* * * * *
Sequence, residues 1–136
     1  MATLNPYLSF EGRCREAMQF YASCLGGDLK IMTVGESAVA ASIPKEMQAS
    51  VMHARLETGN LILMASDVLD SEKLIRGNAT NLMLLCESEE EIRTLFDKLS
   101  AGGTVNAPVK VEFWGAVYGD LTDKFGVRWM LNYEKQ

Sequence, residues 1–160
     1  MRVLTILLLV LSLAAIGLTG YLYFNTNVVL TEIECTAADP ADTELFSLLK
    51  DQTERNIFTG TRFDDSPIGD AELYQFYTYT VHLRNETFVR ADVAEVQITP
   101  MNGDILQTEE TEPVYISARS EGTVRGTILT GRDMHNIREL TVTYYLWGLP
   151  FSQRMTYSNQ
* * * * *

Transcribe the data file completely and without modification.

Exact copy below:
Sequence, residues 1–136
     1  MATLNPYLSF EGRCREAMQF YASCLGGDLK IMTVGESAVA ASIPKEMQAS
    51  VMHARLETGN LILMASDVLD SEKLIRGNAT NLMLLCESEE EIRTLFDKLS
   101  AGGTVNAPVK VEFWGAVYGD LTDKFGVRWM LNYEKQ

Sequence, residues 1–160
     1  MRVLTILLLV LSLAAIGLTG YLYFNTNVVL TEIECTAADP ADTELFSLLK
    51  DQTERNIFTG TRFDDSPIGD AELYQFYTYT VHLRNETFVR ADVAEVQITP
   101  MNGDILQTEE TEPVYISARS EGTVRGTILT GRDMHNIREL TVTYYLWGLP
   151  FSQRMTYSNQ